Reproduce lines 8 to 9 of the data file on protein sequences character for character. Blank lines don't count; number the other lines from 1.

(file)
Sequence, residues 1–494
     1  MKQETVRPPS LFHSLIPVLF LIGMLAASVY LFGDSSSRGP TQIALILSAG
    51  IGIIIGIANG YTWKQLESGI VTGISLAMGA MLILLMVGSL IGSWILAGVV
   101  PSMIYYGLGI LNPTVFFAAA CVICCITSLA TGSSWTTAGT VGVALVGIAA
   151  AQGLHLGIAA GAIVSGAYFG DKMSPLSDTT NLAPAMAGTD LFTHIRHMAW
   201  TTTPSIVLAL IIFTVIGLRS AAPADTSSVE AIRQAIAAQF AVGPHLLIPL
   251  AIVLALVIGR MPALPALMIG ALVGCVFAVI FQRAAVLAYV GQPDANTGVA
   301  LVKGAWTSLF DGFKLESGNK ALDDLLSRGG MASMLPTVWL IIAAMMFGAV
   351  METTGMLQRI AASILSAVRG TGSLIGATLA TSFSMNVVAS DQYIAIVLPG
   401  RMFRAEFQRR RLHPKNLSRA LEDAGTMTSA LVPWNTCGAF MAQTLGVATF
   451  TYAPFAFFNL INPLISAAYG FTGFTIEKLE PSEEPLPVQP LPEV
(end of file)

   301  LVKGAWTSLF DGFKLESGNK ALDDLLSRGG MASMLPTVWL IIAAMMFGAV
   351  METTGMLQRI AASILSAVRG TGSLIGATLA TSFSMNVVAS DQYIAIVLPG